Ofcom sets out Borders TV options
Big changes could be made to the regional ITV service in the south of Scotland, under proposals from the communications regulator Ofcom.
The watchdog is looking at ways of improving the news service in the former Border TV area.
There have been concerns that fewer Scottish programmes are shown there than in the rest of the country.
Since 2009, Border's news bulletins have been presented from Gateshead near Newcastle.
One option would see the return of a dedicated news service for the region along with a weekly current affairs programme.
Another alternative could see the station showing more of STV programmes.Potential options
The UK government has made it clear that it wants to see the concerns of viewers in the south of Scotland dealt with when the current Channel 3 licences are renewed.
Until 2009, Border TV broadcast a local service for Cumbria, Dumfries and Galloway and the Scottish Borders.
But then ITV merged the service with that of the neighbouring Tyne Tees area.
Some viewers and politicians are unhappy that viewers in the south of Scotland receive less Scottish news than viewers in the rest of the country who receive STV.
STV also shows a range of other Scottish programmes, including current affairs and magazine shows, which are not regularly seen in the former Border region.
In a consultation document Ofcom sets out two potential options:
- Restoring a dedicated news service for the former Border TV region, similar to the one provided until 2009, along with a weekly current affairs programme dedicated to the area.
- Restoring the news service and putting in place an obligation to show 90 minutes of other regional programmes every week. These could be bought from STV.
Both options have pros and cons.
For instance, the first option would see an extra programme focussed purely on the Border TV region so would also include stories of interest to viewers in Cumbria. But viewers in the south would still see fewer Scottish programmes than people who live in the STV region.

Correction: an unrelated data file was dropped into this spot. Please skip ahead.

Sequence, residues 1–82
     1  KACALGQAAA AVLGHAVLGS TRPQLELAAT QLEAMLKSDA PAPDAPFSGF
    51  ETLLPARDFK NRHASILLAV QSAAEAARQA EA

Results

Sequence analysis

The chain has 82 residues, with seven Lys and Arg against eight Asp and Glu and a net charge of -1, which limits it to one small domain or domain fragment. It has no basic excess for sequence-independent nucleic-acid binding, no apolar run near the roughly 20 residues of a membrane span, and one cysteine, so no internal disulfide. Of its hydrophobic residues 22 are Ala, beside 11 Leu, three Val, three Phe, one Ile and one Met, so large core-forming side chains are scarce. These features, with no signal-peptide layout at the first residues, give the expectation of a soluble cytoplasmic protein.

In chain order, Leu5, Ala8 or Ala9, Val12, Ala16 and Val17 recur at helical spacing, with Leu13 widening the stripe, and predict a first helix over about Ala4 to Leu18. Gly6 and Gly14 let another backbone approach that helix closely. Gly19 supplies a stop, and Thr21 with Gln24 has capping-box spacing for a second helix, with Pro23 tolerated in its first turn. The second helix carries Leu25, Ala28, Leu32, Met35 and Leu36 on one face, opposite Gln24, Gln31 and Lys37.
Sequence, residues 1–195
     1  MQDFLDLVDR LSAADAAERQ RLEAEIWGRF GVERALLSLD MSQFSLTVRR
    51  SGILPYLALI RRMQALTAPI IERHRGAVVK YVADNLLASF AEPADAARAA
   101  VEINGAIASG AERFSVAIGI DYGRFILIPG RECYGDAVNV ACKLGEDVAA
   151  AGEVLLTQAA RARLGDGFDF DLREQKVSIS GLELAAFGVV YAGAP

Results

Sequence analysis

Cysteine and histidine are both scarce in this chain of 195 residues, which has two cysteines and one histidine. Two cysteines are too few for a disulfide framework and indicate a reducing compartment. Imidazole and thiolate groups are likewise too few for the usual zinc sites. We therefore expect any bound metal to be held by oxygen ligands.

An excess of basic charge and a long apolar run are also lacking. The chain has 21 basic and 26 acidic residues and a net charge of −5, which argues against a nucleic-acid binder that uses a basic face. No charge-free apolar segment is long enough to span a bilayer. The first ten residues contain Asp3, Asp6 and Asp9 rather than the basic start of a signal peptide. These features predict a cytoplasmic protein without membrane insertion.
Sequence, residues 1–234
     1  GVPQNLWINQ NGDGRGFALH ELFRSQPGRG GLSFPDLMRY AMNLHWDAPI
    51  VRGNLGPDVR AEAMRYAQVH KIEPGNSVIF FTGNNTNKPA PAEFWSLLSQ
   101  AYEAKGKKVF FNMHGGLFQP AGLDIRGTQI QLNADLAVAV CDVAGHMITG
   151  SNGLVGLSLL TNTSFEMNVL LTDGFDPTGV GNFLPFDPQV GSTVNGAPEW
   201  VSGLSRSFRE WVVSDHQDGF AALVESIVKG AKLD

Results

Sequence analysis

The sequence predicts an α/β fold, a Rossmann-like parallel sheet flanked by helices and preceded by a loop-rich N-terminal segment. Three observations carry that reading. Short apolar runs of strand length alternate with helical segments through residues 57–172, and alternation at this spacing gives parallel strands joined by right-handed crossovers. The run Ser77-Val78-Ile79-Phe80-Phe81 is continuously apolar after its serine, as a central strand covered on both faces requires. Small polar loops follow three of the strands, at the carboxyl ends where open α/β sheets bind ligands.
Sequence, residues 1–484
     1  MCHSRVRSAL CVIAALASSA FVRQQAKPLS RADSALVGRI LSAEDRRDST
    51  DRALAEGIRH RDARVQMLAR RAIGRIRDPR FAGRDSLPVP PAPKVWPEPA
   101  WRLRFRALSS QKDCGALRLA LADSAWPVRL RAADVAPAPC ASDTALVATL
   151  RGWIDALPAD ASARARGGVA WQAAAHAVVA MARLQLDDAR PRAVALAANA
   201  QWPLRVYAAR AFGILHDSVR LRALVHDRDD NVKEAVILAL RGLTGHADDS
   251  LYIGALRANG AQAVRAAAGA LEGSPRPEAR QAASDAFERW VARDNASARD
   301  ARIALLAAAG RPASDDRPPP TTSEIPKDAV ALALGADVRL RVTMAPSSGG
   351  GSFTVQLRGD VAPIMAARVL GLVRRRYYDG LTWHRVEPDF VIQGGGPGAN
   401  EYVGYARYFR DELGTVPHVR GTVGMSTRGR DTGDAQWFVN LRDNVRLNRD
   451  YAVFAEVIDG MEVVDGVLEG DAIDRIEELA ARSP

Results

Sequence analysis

But the second option could see viewers in Cumbria receive programmes of little interest to them unless technical arrangements were made to make sure the extra Scottish programmes were only seen in the Scottish part of the region.
The document also mentioned the notion of auctioning a new Channel 3 licence covering the whole of Scotland to replace Border and STV's existing licences. However this option is not being pursued.
The consultation document also looks at possible changes to the rest of the Channel 3 network.
No major changes are being proposed for the STV service in central and northern Scotland. But ITV plans to increase the number of distinct regional news programmes shown at 18:00 in return for a cut in the length of the bulletins at lunchtime, 22:30 and at the weekend.Regional output
ITV's preference is for a 30 minute regional current affairs programme covering Cumbria and the south of Scotland.
It would be shown on a weekday evening at 22:35 but might be repeated on Sundays.
The company also questioned whether most viewers in the Border region would really want to see more of STV's regional output.
An ITV spokesman said: "Our proposals for Border are based first and foremost on the needs of viewers. It is clear from both our and Ofcom's research that viewers in Border want news about their local area rather than news dominated by the urban agendas of either central belt Scotland or the north east of England.
"We are therefore proposing to return to a dedicated Border news service for Cumbria and southern Scotland. We are also planning a new half-hour, weekly current affairs and politics programme for Border that will focus on the stories, issues and concerns of viewers across the whole region. It will have a particular emphasis on matters dealt with by the Scottish Parliament.
"If these proposals are approved by Ofcom we hope to have the new services in place by the autumn of this year, allowing us to fully cover the run up to the referendum on independence for Scotland."
The consultation closes on 2 May. Any changes are likely to come into force by the start of 2015 at the latest.